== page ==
What are the real mechanical precursors of pitcher injury? And what is the real lesson of Mark Prior's injury history?
Pitching mechanics are a bit like long-snappers in football, in the sense that we hear about them only when something goes horribly wrong. Mechanics rarely enter the discussion until a pitcher gets hurt, but when an ace succumbs to injury, the village folk grab their torches and pitchforks to go on the hunt for blame.
Experience has taught me that there is rarely an isolated cause for a pitcher's injury, with confounding variables that include mechanics, conditioning, workloads, genetics, and plain old luck. The pitching delivery is a high-performance machine, with a multitude of moving parts that must work efficiently in concert for the system to perform at peak levels, and any weak link in the system can lead to a breakdown.
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PAP^3 is the name for the new system for measuring pitcher abuse via pitch counts introduced in Baseball Prospectus 2001. Though it shares a similar name and goal with a system previously introduced by Rany Jazayerli, it was developed independently, and replaces the older system.
Before claiming any success for any measure in predicting injury, we must fundamentally recognize that any PAP-style metric will be positively correlated with raw pitch counts. Pitchers with high pitch count totals will tend to have high PAP totals. If a PAP function provides no additional insight into which pitchers will be injured that pitch count totals alone, there is no reason to add the added complexity of a PAP system to our sabermetric arsenal.
There are two related effects we are interested in studying. The original intent of PAP was to ascertain whether a pitcher is at risk of injury or permanent reduction in effectiveness due to repeated overwork. And in particular, does PAP (or any similar formula) provide more insight into that risk that simple pitch counts alone?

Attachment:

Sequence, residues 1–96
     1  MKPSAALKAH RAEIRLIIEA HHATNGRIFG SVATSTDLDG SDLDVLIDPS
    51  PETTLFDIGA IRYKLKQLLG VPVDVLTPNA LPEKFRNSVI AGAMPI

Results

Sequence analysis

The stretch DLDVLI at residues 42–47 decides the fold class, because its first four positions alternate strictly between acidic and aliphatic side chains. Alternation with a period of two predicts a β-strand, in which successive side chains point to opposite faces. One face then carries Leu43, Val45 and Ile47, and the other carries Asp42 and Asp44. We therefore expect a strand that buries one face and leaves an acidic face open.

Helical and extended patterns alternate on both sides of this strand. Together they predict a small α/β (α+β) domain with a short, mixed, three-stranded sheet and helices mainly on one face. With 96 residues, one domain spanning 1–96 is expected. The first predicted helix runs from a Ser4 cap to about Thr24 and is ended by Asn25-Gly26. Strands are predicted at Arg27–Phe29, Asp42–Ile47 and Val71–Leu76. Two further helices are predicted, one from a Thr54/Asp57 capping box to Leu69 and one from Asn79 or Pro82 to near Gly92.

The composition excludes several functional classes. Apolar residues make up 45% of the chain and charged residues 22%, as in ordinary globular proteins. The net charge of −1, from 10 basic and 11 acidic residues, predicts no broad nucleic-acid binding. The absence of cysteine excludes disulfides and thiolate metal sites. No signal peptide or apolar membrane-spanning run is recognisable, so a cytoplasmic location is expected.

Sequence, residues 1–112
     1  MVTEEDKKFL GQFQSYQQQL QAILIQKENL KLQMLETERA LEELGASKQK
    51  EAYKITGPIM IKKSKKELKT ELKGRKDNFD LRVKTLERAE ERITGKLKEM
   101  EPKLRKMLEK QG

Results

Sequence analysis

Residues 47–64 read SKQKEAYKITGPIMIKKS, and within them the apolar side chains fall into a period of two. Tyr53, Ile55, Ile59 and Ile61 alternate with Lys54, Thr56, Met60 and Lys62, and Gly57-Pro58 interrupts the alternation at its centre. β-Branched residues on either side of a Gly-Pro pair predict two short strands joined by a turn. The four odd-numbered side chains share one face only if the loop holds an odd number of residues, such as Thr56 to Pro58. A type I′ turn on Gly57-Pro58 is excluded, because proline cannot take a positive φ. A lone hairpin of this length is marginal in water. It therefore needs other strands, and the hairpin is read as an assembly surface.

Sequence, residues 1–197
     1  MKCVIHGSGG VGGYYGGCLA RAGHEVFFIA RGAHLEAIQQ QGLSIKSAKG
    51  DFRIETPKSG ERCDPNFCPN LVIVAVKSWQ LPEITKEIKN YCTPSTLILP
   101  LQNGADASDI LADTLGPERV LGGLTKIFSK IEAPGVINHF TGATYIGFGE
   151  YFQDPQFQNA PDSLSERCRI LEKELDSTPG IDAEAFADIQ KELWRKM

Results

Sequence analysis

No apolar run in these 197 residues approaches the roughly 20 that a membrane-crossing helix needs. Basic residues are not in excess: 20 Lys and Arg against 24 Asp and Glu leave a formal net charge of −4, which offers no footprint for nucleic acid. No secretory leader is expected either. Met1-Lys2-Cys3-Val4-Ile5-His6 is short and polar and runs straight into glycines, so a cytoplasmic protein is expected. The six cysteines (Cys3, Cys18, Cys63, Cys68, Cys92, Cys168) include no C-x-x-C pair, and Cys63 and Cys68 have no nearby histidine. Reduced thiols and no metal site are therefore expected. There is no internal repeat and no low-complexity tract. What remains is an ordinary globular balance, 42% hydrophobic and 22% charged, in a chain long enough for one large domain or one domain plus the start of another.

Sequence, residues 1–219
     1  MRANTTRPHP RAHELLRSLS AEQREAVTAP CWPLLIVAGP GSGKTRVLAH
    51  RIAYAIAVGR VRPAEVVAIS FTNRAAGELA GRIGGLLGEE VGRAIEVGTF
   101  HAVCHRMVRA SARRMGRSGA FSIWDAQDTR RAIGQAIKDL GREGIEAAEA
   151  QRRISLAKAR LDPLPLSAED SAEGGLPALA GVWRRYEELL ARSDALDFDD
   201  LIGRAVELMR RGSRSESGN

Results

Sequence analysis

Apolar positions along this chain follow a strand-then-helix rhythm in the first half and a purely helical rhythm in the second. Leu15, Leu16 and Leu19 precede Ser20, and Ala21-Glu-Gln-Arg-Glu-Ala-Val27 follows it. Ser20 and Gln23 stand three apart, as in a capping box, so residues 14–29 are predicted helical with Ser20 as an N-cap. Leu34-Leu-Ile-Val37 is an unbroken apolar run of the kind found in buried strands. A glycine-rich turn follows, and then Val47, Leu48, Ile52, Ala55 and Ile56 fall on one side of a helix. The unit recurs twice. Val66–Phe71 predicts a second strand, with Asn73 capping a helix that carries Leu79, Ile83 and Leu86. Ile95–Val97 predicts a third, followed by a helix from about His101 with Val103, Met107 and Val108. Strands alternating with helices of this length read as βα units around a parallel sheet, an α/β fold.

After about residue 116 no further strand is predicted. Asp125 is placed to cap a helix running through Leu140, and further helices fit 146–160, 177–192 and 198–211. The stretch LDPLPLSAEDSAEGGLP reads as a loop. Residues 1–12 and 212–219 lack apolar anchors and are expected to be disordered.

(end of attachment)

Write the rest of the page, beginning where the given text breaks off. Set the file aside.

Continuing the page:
It has now been more than two years since we created Pitcher Abuse Points
to standardize the measurement of pitcher workloads. By and large, we have
been more successful at that goal than we had any reason to expect. Some
people in baseball now agree with the notion that limiting pitch counts in
an attempt to keep pitchers healthy is one of the most important topics in
baseball. Then again, many more people think we're full of crap. Or, to
quote Bruce Jenkins of the San Francisco Chronicle:
Two years ago, when we first introduced Pitcher Abuse Points, pitch counts
were still shrouded in a veil of mystery. They were available, mind you,
but they were squirreled away at the bottom of box scores, and rarely
ventured from their hiding place to appear in game summaries or in
televised accounts of the game. Columnists never brought them to our
attention. Livan Hernandez could throw 140 pitches in utter obscurity.
Today, ESPN tracks Rick Ankiel's pitch counts the way CNBC tracks
As teams close in on the 100-game mark, enough pitches have been thrown and
enough starts have been made that we can begin to draw significant
conclusions from the
Pitcher Abuse Points
data. But before we get to that, here's a demonstration of how PAP differs
from looking at average pitch count totals:
Baseball Prospectus introduced Pitcher Abuse Points
last summer as an attempt to measure the workloads of
starting pitchers. Briefly, the system is based on the premise that each
pitch above a certain threshold is incrementally more damaging than the
last, with the damage growing more severe as more pitches are thrown. Our
threshold is 100 pitches; beyond that, a pitcher "earns" one
point each for pitches 101-110, two points each for pitches 111-120, and so
For more on the system, please check the
original PAP introduction